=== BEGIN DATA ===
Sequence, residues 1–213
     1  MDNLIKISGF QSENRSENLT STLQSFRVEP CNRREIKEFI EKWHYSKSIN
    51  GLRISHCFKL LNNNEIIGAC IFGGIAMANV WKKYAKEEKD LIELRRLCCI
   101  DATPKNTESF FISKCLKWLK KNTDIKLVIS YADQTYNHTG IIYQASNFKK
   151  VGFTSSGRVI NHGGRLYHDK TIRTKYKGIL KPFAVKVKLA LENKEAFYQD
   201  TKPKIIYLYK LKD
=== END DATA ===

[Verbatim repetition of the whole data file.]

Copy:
Sequence, residues 1–213
     1  MDNLIKISGF QSENRSENLT STLQSFRVEP CNRREIKEFI EKWHYSKSIN
    51  GLRISHCFKL LNNNEIIGAC IFGGIAMANV WKKYAKEEKD LIELRRLCCI
   101  DATPKNTESF FISKCLKWLK KNTDIKLVIS YADQTYNHTG IIYQASNFKK
   151  VGFTSSGRVI NHGGRLYHDK TIRTKYKGIL KPFAVKVKLA LENKEAFYQD
   201  TKPKIIYLYK LKD